This history is important. Currently, the prevailing view of the “inalienable” NPT right to “peaceful nuclear energy” is that this right automatically allows states to participate in any nuclear activity, no matter how uneconomical or dangerous, so long as it has some conceivable civilian application and the materials or activities in questions are occasionally inspected by IAEA inspectors or their equivalent. Yet, if the NPT is dedicated to sharing the “benefits” of peaceful nuclear energy, these benefits presumably must be measurably beneficial and be distant enough from bomb making or the risk of being easily diverted to that purpose to enable nuclear inspections to reliably detect their military conversion in a timely fashion.
“What currently is defended as being ‘peaceful nuclear energy’ and protected by the NPT can, and perhaps should, be questioned,” Professor Sokolski argued. Are nuclear fuel making and large nuclear programs economically competitive, i.e., “beneficial” in places like the Middle East, when compared to making power with readily available natural gas or buying nuclear fuel from other producers? How economically competitive are such programs against safer alternatives in any region? Can nuclear fuel making be safeguarded anywhere reliably to detect military diversions in a timely fashion? Aren’t such activities dangerous in any non-weapons state? Should these activities be allowed to be expanded in non-weapons states and to new locales?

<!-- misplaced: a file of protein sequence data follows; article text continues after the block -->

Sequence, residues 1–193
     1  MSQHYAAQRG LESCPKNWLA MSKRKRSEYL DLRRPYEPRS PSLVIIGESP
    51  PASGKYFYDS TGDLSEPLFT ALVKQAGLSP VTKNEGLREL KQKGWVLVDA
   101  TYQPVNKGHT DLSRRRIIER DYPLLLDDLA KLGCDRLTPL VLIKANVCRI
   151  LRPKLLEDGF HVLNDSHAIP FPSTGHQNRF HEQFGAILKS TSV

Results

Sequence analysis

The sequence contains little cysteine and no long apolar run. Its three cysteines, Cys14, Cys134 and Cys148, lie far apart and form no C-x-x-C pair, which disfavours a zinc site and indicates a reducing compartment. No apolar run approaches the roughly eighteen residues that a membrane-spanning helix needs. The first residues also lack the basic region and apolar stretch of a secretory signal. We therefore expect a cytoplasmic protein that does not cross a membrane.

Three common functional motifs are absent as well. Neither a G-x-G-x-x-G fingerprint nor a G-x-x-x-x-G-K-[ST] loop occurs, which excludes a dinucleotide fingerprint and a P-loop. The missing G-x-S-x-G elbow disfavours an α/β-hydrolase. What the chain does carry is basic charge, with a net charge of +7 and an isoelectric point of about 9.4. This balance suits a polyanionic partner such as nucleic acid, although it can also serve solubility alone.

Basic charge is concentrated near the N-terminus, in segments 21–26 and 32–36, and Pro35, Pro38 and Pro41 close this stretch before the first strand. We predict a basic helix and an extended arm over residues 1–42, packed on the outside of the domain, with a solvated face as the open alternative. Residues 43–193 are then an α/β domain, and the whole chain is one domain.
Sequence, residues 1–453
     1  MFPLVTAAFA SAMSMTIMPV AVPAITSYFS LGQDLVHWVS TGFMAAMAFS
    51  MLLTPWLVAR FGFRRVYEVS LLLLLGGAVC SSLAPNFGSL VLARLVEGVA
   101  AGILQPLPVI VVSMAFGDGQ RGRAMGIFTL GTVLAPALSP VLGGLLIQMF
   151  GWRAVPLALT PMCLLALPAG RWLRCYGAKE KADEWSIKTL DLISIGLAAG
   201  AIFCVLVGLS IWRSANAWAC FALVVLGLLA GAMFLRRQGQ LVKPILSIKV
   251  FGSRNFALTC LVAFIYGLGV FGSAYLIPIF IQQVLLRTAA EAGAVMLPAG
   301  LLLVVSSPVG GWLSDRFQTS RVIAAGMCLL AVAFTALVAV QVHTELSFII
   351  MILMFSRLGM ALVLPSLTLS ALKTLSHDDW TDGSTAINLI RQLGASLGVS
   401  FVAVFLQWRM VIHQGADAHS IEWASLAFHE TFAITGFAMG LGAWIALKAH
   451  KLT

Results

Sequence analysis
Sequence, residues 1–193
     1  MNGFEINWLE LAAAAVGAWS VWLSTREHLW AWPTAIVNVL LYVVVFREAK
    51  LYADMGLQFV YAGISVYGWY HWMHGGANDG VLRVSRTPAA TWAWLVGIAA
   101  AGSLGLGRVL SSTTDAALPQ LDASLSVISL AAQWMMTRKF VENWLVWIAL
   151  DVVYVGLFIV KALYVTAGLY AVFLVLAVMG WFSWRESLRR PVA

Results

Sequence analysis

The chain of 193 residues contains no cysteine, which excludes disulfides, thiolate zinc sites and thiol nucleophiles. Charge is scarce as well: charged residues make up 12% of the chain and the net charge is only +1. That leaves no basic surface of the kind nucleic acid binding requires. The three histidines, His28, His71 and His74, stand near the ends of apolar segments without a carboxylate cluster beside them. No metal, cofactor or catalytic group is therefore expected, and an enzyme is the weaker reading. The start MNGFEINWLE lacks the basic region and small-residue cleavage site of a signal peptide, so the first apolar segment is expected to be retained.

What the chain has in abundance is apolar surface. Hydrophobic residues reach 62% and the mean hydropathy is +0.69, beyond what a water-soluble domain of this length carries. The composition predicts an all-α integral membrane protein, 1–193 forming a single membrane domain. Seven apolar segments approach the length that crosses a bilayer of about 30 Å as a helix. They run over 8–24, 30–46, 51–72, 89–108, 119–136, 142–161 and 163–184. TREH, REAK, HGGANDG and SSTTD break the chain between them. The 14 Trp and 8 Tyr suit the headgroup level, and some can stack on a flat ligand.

This set of questions, Professor Sokolski concluded, is not all that different than the set of questions raised regarded the NPT’s promised provision of peaceful nuclear explosive services under Article V. The answers to the questions regarding “peaceful nuclear energy” ought now to inform how the NPT is read. In specific, they need to be raised and answered to clarify what nuclear activities ought to be protected as being truly beneficial and peaceful. Given the poor economics of nuclear power as compared to its nonnuclear alternatives and the difficulty of safeguarding nuclear activities in noncooperative states, there is reason to believe that the honest answers to these questions would give far greater priority to the original Irish view of the NPT.
Finally, Professor Sokolski noted, it would be imprudent to force this view of the treaty directly. A far more sensible approach would be to encourage states to come to terms with the true costs of civilian nuclear power projects by agreeing in forms such as the G-20 to common energy project cost accounting procedures. This could be promoted as a way to determine the quickest and cheapest way to reduce carbon emissions.
Similarly, it would be most helpful to get the International Atomic Energy Agency (IAEA), which is tasked with verifying compliance with the NPT, to be far more candid about what nuclear activities and materials it can inspect in a manner that will enable it to meet its own publicly states “timeliness detection goals.” This is something the U.S. Congress has expressed and interest in having the United States government determine along with whether or not the IAEA’s inspection goals are tough enough. Any serious effort to “strengthen” the IAEA must start here. Indirectly, getting clarity on nuclear power’s true costs and what can and cannot be effectively safeguarded against military diversions would go a long way to fortifying the NPT’s ability to identify and block future Irans and North Koreas.